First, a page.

|Image: Birds circle a bushfire in Kakadu National Park (Getty Images)|
Columnist and bird researcher Bob Gosford has a theory: Australian birds of prey are not only attracted to fire, but help spread it by picking up burning sticks. It sounds crazy, but he's hitting the road in the NT to verify tales told by Indigenous locals. Matthew Crawford reports.
Could flocks of birds be picking up burning sticks and dropping them on unburned ground in order to spread fire?
It sounds like a scene from an Alfred Hitchcock film, but lawyer, columnist and self-starting ornithologist Bob Gosford has collated reports from Africa, India and Central America and he's confident this might be 'a thing'.
However, he makes an admission: 'I need help!'
Australian birds of prey, specifically black kites and brown falcons, are attracted to fire. They follow the fire front, picking out fleeing reptiles, insects and small birds; and feasting on pre-cooked meals.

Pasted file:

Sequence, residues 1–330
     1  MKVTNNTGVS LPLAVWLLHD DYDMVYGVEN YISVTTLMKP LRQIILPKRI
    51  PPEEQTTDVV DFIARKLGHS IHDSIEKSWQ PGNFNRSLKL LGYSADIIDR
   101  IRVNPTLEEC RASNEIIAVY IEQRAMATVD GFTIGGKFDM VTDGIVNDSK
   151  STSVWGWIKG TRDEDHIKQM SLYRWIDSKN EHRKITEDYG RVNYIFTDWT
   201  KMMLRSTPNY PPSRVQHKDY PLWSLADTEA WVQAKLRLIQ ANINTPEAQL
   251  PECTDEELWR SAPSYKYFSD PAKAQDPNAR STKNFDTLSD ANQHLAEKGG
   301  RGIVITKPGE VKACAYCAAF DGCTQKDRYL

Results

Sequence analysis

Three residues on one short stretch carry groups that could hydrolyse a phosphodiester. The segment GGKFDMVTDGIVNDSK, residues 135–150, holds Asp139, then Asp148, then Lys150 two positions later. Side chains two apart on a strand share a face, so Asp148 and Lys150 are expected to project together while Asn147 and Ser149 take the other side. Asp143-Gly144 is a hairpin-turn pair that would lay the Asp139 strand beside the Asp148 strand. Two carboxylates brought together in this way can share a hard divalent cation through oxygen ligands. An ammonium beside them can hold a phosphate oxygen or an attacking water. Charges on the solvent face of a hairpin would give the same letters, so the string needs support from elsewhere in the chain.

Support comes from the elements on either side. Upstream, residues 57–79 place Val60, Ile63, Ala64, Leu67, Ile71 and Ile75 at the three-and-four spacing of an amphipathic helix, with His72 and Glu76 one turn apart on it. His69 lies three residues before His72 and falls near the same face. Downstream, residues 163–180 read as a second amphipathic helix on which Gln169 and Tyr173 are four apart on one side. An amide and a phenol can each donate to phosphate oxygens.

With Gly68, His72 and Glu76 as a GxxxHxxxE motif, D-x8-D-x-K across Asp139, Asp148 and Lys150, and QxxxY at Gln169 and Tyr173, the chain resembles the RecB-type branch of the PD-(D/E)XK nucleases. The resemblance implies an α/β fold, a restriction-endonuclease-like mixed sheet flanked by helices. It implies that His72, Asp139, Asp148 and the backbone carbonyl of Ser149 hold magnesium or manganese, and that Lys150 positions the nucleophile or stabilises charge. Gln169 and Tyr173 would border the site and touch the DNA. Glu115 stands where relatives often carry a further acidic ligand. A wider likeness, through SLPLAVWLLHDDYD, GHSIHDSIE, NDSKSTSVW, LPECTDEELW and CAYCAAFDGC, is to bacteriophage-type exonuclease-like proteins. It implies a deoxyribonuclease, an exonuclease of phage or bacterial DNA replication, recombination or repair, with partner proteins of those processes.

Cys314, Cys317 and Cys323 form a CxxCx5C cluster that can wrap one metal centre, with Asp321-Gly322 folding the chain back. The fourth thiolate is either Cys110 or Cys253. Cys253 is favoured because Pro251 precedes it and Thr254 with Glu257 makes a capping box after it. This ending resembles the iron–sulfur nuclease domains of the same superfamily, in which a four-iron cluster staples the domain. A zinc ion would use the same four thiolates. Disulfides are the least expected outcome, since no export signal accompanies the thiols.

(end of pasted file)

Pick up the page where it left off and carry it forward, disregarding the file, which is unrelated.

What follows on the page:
Facing a lack of photographic or video evidence to date, Gosford has tasked himself with collecting eyewitness accounts and perhaps even first-hand confirmation of this 'ornithogenic fire'.
In the meantime, however, Gosford is calling on the public to contribute information about othr possible sightings. His message to anyone who photographs or videos a kite or falcon with a fire stick is: 'Get in touch with me!'
Gosford points out that Australia currently has only two recognised sources of fire—human activity and lightning.